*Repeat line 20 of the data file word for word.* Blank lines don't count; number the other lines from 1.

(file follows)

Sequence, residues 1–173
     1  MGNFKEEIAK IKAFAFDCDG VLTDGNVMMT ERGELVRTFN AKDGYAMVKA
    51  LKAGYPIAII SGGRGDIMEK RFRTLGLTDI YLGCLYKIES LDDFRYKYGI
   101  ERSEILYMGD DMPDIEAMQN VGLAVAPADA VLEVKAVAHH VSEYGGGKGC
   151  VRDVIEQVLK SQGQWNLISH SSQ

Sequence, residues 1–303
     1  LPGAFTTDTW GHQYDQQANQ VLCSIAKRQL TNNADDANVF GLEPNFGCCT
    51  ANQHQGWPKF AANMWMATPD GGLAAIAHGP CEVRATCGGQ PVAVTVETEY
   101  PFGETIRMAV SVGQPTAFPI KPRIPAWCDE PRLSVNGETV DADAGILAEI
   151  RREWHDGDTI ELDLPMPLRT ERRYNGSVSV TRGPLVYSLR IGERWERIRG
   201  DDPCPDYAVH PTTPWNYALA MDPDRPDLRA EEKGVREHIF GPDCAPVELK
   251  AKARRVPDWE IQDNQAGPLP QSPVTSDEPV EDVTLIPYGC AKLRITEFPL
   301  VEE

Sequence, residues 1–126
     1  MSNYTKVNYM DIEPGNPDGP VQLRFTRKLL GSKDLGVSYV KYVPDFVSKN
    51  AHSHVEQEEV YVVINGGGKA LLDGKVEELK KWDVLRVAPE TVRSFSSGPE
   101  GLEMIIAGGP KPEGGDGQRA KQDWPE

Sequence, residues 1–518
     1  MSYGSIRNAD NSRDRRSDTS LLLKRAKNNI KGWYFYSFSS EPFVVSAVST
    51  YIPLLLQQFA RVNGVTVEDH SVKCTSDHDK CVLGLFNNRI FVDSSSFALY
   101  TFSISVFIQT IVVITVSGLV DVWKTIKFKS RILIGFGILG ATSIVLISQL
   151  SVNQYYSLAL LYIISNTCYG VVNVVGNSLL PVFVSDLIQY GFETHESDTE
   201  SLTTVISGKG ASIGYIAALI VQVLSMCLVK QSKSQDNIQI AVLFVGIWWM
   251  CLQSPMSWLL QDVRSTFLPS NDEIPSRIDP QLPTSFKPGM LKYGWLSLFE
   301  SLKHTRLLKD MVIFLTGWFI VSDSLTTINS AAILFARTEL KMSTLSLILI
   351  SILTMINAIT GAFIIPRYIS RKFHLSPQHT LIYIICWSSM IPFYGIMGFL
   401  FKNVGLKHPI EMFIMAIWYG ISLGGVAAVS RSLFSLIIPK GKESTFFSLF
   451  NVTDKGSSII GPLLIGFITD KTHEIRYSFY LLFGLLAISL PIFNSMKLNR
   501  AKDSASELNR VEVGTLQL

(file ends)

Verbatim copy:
    51  YIPLLLQQFA RVNGVTVEDH SVKCTSDHDK CVLGLFNNRI FVDSSSFALY